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Common Urological Problems

Upper urinary tract

  • - Paediatric Urology - Embryology
  • Jun 17, 2010
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Tags: | cystic anomalies | genitourinary tract | metanephric blastema | metanephros |

In the cervical portions of the paired blocks of intermediate mesoderm the primitive precursor of the kidney,  the pronephros,  first appears in the fourth week of gestation. 

This structure rapidly regresses in the human embryo.  The midzone mesonephros, however, continues to differentiate, giving rise to tubular structures which,  although ultimately destined to contribute to the definitive gonad,  function briefly in an excretory role.  In the mesenchyme lying lateral to the developing mesonephros, the mesonephric ducts appear, advancing caudally to fuse with the terminal portion of the hindgut (the primitive cloaca).

Canalisation of the mesonephric ducts creates a patent excretory unit which is believed to function transiently.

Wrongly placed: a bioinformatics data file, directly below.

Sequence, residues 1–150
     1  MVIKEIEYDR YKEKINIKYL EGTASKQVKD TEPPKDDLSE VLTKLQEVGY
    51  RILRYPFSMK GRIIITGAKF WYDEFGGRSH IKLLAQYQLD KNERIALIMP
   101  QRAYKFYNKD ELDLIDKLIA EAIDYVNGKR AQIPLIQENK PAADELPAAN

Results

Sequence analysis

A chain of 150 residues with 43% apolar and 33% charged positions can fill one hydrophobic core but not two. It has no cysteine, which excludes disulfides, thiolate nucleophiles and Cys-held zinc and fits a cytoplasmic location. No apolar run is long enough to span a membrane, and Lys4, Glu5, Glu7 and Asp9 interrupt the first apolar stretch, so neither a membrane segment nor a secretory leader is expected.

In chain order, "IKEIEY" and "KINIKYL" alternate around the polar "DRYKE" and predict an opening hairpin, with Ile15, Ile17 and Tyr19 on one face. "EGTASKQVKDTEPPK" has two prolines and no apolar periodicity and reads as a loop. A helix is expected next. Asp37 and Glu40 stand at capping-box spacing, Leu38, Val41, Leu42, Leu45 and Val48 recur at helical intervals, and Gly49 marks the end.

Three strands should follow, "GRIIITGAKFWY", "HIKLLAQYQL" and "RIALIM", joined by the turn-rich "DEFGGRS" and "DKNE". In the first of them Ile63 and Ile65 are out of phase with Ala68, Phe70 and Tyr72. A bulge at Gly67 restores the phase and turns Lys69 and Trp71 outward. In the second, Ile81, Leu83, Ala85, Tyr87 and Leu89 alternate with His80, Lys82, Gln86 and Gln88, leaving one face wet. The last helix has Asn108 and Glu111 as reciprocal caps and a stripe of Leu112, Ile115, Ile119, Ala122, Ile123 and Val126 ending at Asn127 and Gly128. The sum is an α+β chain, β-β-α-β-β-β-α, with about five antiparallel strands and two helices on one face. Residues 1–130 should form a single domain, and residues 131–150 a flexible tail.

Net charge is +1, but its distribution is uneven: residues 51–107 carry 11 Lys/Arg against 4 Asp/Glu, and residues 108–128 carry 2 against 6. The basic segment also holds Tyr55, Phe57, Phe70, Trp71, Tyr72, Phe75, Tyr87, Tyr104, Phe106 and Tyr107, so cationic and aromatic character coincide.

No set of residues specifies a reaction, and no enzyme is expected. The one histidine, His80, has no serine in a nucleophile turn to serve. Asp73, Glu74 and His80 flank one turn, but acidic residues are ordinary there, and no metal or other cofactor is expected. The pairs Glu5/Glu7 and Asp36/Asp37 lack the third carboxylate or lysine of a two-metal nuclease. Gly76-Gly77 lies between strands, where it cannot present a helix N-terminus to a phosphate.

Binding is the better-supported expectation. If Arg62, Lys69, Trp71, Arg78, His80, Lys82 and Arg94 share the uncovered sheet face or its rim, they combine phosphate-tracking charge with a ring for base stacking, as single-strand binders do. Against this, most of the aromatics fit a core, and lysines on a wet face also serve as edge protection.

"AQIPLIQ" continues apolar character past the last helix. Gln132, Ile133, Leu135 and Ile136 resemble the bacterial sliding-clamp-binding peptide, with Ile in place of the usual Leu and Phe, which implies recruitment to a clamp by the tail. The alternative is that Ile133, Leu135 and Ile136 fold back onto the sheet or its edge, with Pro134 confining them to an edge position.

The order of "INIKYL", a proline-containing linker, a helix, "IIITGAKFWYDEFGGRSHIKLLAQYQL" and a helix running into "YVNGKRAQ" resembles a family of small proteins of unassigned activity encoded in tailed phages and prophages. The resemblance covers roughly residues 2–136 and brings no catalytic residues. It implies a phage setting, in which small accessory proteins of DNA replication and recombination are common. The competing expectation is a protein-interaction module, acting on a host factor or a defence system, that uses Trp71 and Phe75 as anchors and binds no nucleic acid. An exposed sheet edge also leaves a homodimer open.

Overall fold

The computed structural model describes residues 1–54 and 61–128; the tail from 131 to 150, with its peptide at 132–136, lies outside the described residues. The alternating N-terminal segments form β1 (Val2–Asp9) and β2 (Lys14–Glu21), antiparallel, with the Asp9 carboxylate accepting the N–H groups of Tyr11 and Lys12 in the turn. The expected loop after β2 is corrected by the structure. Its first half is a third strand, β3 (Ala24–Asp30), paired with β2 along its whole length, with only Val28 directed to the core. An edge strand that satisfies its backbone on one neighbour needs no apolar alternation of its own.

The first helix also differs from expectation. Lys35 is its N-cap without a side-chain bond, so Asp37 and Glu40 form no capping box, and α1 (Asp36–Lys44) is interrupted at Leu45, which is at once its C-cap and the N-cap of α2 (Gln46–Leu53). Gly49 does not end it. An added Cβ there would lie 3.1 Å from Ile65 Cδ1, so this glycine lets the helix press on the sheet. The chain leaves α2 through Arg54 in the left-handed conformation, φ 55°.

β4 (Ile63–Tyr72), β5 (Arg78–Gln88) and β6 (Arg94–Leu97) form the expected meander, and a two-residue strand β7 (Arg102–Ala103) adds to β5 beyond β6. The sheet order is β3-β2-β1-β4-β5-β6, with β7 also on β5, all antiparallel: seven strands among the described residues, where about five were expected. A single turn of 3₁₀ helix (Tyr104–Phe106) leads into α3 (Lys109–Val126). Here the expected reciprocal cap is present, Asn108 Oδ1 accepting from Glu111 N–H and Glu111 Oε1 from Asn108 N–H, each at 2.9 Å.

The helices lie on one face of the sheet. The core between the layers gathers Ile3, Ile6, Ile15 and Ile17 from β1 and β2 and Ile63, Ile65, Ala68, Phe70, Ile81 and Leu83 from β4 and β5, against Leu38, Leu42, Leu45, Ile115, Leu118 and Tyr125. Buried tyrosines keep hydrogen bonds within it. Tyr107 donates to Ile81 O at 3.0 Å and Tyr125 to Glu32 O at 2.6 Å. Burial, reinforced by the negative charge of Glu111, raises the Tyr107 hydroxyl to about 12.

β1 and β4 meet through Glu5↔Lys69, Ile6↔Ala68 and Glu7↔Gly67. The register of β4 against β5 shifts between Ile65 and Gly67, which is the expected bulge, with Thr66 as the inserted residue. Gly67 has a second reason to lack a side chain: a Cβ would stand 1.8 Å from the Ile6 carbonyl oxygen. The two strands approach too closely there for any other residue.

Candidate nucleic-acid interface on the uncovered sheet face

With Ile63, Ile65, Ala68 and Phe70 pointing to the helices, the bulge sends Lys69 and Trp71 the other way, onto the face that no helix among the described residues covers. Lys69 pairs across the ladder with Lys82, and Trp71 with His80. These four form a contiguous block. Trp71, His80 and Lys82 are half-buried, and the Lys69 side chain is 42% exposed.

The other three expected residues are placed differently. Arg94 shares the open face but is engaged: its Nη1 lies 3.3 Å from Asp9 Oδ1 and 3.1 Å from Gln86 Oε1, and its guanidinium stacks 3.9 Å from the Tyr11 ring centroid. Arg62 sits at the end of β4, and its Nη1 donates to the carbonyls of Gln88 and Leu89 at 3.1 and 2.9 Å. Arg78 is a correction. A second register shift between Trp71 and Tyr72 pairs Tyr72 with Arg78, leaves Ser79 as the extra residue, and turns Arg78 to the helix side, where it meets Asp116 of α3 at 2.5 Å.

At the beginning of the fifth week, the ureteric buds arise from the distal portion of the paired mesonephric ducts and advance towards the most caudal portion of the blocks of intraembryonic mesoderm -  the metanephros.  Fusion of the ureteric bud and metanephric blastema at around 32 days initiates the process of nephrogenesis.

Embryonic   precursors   of   the   upper urinary tract, metanephros, ureteric budFigure   1.3   Embryonic   precursors   of   the   upper urinary tract, metanephros (kidney), ureteric bud.

Embryonic  genitourinary  tract  at  6-8 weeksFigure 1.4   Embryonic genitourinary tract at 6-8 weeks.

At the beginning of the fifth week, the ureteric buds arise from the distal portion of the paired mesonephric ducts and advance towards the most caudal portion of the blocks of intraembryonic mesoderm -  the metanephros.  Fusion of the ureteric bud and metanephric blastema at around 32 days initiates the process of nephrogenesis.

Between the sixth and 10th weeks the lobulated embryonic   kidneys   ascend   up   the   posterior abdominal   wall,  deriving   their   blood   supply sequentially at different levels until the definitive lumbar position is achieved (Figure 1.4).

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